Easy Storage: Most of these prepackaged foods come in buckets making them easy to store. You could have a few months’ worth of food stored on the floor of a hall closet.

Long Shelf Life: Another great thing about long term food is that they have a shelf life from 5 to 25 years. This means less worry about spoilage and expiration.

More Expensive: Prepackaged foods are more expensive than pantry foods or DIY food storage, but they are much easier, the only work required is clicking the buy now button.

DIY Food Storage

When done right, doing your own long-term food storage can save you quite a bit of money, but make sure you know what you’re doing. If you don’t, you could just be throwing money away.

More Work: These require more work than the prepackaged long term food, but will cost you about half as much. When deciding between prepackaged and DIY you should ask yourself “what do I have more of, time or money?”

Buckets: You hear quite a bit about DIY food storage buckets because it’s a great way to store flour, beans, and grain in large quantities for a long period of time.

Dehydrating: With fruits and meats, dehydrating and even freeze-drying will expend their shelf life, although the machines to do this can get a little pricy.

Vacuum Sealing: This is a great way of expending the shelf life of food that already has a longer shelf life. Store bought spaghetti isn’t packaged to completely remove air, but vacuum sealing would. It’s also a good idea to vacuum seal vitamins and other supplies.

Canning: Learning how to can at home is quite possibly the best method of DIY food storage, but make sure you learn the craft. There are some dangers to improperly canning food, but if done correctly, there are few limitations to what you can do.

On the Go Food

When I say, “on the go food” I mean food that isn’t a full-blown meal you make for the family. Here are a few items to consider with on the go foods.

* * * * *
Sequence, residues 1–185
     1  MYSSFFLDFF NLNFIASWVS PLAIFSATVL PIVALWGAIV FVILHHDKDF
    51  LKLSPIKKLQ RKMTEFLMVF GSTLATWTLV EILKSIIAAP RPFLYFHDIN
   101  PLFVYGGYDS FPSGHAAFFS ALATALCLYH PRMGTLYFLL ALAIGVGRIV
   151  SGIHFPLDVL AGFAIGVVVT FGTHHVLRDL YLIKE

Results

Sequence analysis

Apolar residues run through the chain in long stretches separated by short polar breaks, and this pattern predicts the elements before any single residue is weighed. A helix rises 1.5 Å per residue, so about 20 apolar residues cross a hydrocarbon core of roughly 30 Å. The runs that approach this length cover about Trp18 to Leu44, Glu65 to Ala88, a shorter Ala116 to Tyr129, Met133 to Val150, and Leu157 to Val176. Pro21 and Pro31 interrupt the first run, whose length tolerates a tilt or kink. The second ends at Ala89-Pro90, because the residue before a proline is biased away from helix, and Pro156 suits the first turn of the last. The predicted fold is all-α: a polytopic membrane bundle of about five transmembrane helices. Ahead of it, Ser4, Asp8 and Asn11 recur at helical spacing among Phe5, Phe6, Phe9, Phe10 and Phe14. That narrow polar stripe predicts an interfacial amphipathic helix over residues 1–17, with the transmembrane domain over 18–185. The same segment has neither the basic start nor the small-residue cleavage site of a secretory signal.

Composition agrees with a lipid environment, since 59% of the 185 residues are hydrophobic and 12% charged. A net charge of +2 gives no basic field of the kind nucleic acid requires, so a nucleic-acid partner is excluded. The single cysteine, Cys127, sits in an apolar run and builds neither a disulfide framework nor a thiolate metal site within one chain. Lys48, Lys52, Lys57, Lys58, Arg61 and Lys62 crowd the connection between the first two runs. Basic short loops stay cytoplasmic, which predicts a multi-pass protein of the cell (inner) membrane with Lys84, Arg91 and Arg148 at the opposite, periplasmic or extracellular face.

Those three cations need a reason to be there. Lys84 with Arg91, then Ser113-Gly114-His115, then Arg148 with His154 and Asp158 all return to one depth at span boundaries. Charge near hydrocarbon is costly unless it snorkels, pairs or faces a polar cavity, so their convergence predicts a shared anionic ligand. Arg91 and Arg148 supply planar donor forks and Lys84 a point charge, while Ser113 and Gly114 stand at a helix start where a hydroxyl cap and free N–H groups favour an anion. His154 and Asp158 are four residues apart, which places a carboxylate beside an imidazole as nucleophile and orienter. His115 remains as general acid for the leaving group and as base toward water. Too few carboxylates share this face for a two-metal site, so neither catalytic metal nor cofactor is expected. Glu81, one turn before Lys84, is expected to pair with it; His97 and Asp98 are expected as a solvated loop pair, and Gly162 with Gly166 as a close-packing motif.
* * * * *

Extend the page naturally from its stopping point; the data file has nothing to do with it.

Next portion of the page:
High Calories: When it comes to on the go food their main purpose is to be high in calories. This is basically emergency food for when your other options are not available.

Light Weight: Because you might be carrying this food it needs to be as light weight as possible, while packing as many calories as possible.

Bug Out Food: Tis is the food I consider “bug out food”. This is stuff that you keep in your bag, your car, or even at work. This is food that takes no preparation, and because it won’t be stored at home, it needs to withstand temperature changes.

Camping Meals: Mountain House makes some great camping meals that even the family will enjoy. My personal favorite is the ChiliMac, but make sure you test them out before you but 15 or 20 of them.

Ration Bars: There are a few different types of ration bars out there, and none are all that great. But they have a long shelf life, withstand temperature changes, and are packed with calories.

Trail Mix: Item like trail mix, granola bars and peanuts are great because they usually taste good, are easily stored, and have plenty of calories.

MRE’s: Military rations are not very high on my list because of a couple of reasons. While they taste ok, they are a little bulky, and a little expensive.

Something to Add?

This is by no means a complete list of long term food storage ideas for preppers, and if you have something to add to the list, leave a comment below.

    1 Response to "Different Types of Food Storage for Preppers"

    • tom

      I’ve read several articles that say it’s not as important to vacuum seal as it is to add oxygen absorbers. Your thoughts?